Bloggish Tales of Zion’s Fiction #2

  • 20
  • Image

Bloggish Tales of Zion’s Fiction #2


My own childhood is difficult to explain, not just to non-Israelis but to many Israelis themselves. I grew up on a kibbutz in the north of the country, a sort of utopian communal Zionist community that, years later, I would find echoes of in the longhouses of Borneo and the lonely islands of Melanesia. A sort of remote and isolated world, a pocket-universe, where ideology was as thick as the honey in the air. Near the kibbutz was an abandoned Arab village, razed to the ground following the 1948 War. Also nearby had been a stone-age settlement where flint tools were produced some 80,000-100,000 years before. The nearest town – and where the closest second hand bookshops were, though my understanding of money was limited in a community that didn’t use it – was Haifa, perhaps an hour away by bus.

We had a library, though. In the children’s library (two dusty rooms into which the light was never allowed to fully penetrate) I found the secret history of Israeli science fiction. Menachem Talmi’s Journey in the Flying Saucer, first published in 1955, Eli Sagi’s The Adventures of Captain Yuno, three volumes of a boy and girl cosmonauts fighting mysterious aliens across the solar system, from the mid-60s, Danidin the Invisible Boy, whose exploits (by the prolific Shraga Gafni) covered many volumes. Many of these, and others like them, are obscure to the point of invisibility now and, I suspect, were not exactly highly regarded even then. But they represented fantastical takes that took place in my reality, not in the strange otherworld that was Europe, the impossible land that was America.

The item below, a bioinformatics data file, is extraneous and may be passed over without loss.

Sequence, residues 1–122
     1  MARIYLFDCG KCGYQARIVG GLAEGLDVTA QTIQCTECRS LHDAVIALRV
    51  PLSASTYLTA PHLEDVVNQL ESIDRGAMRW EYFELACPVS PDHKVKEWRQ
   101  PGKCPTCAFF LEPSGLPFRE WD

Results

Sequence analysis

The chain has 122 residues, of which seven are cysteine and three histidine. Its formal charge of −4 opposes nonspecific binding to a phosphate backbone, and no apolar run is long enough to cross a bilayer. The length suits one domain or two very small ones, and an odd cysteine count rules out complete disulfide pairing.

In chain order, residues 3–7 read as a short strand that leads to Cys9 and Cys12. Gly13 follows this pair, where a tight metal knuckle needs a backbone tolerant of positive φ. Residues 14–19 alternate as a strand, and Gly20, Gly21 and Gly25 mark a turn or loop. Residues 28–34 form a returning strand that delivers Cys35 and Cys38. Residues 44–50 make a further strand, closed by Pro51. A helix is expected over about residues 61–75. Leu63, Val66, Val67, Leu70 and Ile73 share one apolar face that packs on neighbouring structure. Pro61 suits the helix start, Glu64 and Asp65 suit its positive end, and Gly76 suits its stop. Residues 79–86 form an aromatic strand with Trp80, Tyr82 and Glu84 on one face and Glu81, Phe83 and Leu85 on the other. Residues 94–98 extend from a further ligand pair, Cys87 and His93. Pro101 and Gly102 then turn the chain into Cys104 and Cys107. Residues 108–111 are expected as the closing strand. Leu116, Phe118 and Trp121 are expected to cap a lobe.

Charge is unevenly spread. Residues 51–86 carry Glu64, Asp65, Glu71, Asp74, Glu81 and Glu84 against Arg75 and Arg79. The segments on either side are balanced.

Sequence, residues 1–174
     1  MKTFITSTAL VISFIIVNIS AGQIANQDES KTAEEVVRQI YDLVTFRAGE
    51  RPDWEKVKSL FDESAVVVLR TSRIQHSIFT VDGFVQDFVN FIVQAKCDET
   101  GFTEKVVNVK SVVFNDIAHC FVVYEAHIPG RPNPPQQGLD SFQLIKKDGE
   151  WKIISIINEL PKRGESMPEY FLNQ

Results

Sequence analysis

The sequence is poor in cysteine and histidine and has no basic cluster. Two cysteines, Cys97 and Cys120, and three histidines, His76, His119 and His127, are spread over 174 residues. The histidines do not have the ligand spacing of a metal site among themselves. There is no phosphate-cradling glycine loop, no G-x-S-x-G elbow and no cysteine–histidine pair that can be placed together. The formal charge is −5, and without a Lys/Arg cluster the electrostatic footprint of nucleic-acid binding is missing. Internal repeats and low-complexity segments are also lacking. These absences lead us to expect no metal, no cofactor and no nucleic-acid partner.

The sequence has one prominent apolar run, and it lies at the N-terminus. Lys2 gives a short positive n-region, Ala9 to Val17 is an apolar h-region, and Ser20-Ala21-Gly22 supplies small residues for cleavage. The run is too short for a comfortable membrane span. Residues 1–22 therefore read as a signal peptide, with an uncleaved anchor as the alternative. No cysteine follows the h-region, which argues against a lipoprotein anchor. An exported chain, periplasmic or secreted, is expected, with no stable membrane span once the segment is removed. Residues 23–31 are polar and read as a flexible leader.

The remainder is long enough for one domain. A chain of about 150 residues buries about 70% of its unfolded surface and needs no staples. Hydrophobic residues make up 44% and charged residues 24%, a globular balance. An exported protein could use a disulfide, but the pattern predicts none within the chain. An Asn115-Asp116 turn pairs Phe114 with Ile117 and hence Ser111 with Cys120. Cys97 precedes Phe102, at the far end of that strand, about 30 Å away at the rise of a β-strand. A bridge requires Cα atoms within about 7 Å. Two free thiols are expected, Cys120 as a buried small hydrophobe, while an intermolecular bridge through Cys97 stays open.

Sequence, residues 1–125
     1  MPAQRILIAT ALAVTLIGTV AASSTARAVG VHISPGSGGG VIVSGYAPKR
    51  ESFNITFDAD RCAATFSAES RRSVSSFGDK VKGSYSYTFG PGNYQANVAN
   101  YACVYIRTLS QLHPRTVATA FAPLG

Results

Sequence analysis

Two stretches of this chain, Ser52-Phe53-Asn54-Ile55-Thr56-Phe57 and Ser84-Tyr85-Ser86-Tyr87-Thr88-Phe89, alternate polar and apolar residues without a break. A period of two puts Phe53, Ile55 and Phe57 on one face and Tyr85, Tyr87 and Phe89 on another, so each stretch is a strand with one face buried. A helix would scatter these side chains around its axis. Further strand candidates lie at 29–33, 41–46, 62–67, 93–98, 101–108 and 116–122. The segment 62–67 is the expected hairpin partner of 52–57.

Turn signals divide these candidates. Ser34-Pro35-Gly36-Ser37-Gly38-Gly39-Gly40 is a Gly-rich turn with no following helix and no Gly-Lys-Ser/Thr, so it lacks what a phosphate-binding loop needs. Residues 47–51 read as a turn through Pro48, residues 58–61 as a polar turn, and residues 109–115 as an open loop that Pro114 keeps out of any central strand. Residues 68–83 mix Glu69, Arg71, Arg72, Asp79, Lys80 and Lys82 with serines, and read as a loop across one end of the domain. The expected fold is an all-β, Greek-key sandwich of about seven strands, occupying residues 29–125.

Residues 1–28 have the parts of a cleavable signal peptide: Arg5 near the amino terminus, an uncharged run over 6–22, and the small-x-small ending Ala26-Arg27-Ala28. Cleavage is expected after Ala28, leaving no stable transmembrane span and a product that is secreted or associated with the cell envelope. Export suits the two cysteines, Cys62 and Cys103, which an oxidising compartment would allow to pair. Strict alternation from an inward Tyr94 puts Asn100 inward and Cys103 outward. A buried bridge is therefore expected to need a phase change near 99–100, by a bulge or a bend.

What science fiction – what fantastika, to use Clute’s term – was being produced in Israel, it was written in the margins of the country’s “real” literature, its highbrow narratives of a “normalised” Israel. Such an impossible construct, a normalised Israel! In fantasy, in the impossible, I found a truth I couldn’t find in a literature that strove so hard to write one story in order to erase another.

Later, I sought these same blips of the impossible in the adult library. Hilel Damron’s The War of the Sexes, set memorably, impossibly, on a kibbutz like the one I grew up on, or Ram Moav’s extraordinarily bitter Luna: The Genetic Paradise, telling the parallel stories of a dying scientist (much like the author himself) in a vicious, merciless Israel and his vision of a utopian colony on the moon. Then, too, I discovered (too late!) the magazine Fantasia 2000, created by four enthusiastic fans in the 1980s, collected as dusty, somewhat worn issues in the library, where the first glimpses of an original Israeli science fiction scene could be found. Were any of these books and stories any good? I honestly can’t say if they were, but they are woven into the fabric of me-the-writer, as they are into the literary DNA of my contemporaries. Whether we wanted them to or not, they shaped us, they gave us voice.